The former first minister said Permanent Secretary Leslie Evans had failed to take responsibility for the botched handling of harassment complaints against him.
He said he had instructed his lawyers to bring proceedings in the Court of Session.
Mr Salmond previously won a judicial review case against the government.
That case forced the government to pay Mr Salmond's legal fees of more than £500,000 after its investigation into complaints by two female civil servants was found to have been unlawful.
While the precise basis of his latest legal bid is not clear, the BBC understands the ex-SNP leader intends to sue the Scottish government for an unspecified amount in damages.
Mr Salmond also said he would also be making a formal complaint to the police over the leaking of details of the allegations against him to the Daily Record newspaper.
First Minister Nicola Sturgeon has said she still has confidence in Ms Evans as permanent secretary, and that the government "made a mistake in the course of trying to do the right thing".
Ms Evans had her contract extended by the first minister last year. It is due to expire in 2022.
The Scottish government said it would be "inappropriate to comment on a hypothetical legal action or on any matter Mr Salmond may raise with the police.
On Tuesday, a Holyrood inquiry concluded that the government's handling of the two harassment complaints against Mr Salmond in 2018 was "seriously flawed".
MSPs on the inquiry committee were critical of the way the new complaints process was drawn up and applied, and of the government's conduct in defending the judicial review proceedings brought by Mr Salmond.
The report was critical of Ms Evans, saying there had been an "individual failing" on her part over the judicial review and that she should have known that the "multiple roles" she played in the process represented "a significant organisational risk".
A separate inquiry by a leading Irish lawyer concluded that Ms Sturgeon's involvement in the saga had not breached the ministerial code.
The first minister has since said she would have resigned if she had been found to have done so.
Mr Salmond said the permanent secretary should consider her position after the court case in 2019, and renewed this call while giving evidence to the inquiry last month.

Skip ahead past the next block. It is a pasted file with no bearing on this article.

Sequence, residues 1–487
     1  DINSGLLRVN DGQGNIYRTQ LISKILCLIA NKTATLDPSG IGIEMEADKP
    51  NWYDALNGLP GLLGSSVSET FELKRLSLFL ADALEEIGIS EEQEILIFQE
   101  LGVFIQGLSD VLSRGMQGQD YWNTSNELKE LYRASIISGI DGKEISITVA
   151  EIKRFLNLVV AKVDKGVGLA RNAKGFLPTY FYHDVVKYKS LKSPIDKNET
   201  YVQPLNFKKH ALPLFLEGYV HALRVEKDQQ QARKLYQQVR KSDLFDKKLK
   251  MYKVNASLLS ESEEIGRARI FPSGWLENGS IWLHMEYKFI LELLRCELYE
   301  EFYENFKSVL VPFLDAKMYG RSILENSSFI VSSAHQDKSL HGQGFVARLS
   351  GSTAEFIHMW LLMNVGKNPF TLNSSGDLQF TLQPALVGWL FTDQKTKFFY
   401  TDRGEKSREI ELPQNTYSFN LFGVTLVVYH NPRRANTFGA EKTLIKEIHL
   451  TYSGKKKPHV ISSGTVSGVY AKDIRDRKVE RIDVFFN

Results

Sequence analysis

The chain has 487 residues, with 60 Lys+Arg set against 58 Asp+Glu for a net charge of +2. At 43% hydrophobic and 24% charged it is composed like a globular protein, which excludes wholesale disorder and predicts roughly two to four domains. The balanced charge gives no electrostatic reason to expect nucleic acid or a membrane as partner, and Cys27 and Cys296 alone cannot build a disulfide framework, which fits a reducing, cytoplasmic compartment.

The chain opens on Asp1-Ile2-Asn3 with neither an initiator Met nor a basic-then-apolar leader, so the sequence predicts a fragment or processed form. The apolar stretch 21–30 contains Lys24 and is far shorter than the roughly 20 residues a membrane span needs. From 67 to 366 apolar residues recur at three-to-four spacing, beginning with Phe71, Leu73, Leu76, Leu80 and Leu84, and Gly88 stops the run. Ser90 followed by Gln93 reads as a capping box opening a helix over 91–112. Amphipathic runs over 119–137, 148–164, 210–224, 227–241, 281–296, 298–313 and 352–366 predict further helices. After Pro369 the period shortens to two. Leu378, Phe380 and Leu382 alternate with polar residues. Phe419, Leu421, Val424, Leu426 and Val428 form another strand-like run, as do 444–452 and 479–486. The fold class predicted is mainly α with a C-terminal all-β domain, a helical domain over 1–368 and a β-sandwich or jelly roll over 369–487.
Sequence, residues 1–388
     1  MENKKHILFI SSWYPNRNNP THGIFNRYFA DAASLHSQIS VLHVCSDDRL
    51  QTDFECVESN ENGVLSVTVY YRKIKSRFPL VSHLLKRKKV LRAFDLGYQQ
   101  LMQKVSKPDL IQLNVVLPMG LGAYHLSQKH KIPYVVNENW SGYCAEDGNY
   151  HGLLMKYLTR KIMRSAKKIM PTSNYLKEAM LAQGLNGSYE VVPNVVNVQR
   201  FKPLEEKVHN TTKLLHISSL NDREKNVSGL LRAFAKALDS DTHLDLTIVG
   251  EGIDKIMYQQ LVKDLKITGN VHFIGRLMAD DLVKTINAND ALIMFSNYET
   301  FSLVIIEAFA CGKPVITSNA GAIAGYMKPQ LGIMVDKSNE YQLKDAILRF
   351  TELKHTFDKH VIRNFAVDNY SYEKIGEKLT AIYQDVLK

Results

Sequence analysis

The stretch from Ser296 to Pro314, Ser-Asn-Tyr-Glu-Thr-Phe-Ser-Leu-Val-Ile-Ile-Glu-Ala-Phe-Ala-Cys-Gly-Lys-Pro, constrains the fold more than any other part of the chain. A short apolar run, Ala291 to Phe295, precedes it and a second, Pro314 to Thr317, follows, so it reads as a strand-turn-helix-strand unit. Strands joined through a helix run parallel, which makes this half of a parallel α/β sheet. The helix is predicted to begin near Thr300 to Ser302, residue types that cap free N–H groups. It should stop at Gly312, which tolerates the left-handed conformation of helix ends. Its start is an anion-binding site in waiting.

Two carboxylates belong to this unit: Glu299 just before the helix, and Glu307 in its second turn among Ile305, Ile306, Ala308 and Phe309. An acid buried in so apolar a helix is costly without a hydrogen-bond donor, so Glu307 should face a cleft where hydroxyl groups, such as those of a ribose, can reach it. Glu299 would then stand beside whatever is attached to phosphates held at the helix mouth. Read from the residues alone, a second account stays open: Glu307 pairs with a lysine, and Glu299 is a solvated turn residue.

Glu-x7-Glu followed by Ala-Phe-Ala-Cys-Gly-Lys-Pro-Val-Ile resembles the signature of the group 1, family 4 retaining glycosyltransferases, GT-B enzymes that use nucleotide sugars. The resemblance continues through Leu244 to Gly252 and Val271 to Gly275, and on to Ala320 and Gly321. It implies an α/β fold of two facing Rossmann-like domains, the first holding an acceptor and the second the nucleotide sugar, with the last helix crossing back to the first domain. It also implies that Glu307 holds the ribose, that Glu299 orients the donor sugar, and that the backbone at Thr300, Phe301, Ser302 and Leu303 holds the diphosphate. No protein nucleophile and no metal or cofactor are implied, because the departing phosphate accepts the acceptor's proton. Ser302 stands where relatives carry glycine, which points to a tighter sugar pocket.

In a statement released on Wednesday, the former SNP leader said: "More than two years later, and despite the most damning condemnation from a committee in the history of the modern Scottish Parliament, the permanent secretary still refuses to accept real responsibility."
He said he had taken legal advice and would "shortly be instructing my lawyers to bring proceedings in the Court of Session arising as a direct result of the conduct of the permanent secretary".
Mr Salmond was acquitted of 13 charges of sexual assault in a separate High Court trial in March 2020.
Alex Salmond says he accepts the findings of the two reports this week.
That is not insignificant. Remember he said he was sure Nicola Sturgeon HAD broken the ministerial code. He now accepts the finding of the independent adviser that she didn't.
It is not clear exactly what Mr Salmond's legal action will entail. But it does mean he will be taking a government he once led to the highest civil court in the land once again. That is significant too.
Ultimately, Mr Salmond says he now wants to move on and urges the country to do the same. But his legal action - and a complaint to police - mean there will still be updates to this story in the months to come.
Ms Sturgeon was pressed earlier in the day on why "no one has assumed responsibility" for the failings admitted by the government, which the committee said had let down the two women.
She told MSPs that she had "never shied away" from the fact a mistake was made, but said it was right that complaints were investigated and not "simply swept under the carpet".
She said: "What we must do now is put right the things that went wrong, so that mistakes are not made in the future. I deeply regret what happened, and I have apologised - and will continue to do so - to the women who were let down."
Later a spokesman for the Scottish government said it would "reflect carefully" on the reports and "lessons will be learned".
"The first minister retains her confidence in the permanent secretary, who has operated at all times in line with the civil service code and legal advice received," he added.
Mr Salmond also said he would make a complaint to the police about how the story of the initial allegations against him appeared in the Daily Record newspaper in August 2018.
A previous Information Commissioner's Office (ICO) investigation into the leak found no "hard evidence" that it came from the government - but said it had "some sympathy" to the view that it had.
The inquiry was told that the ICO was the appropriate agency to investigate such matters, and would have reported any issues to the Crown Office if they had been found.
The Scottish government spokesman said: "For the avoidance of doubt, the Scottish government is clear that both an Information Commissioner's Office investigation and an internal leak inquiry found no evidence to support Mr Salmond's claims that there was any leak from the Scottish government about the complaints made against him."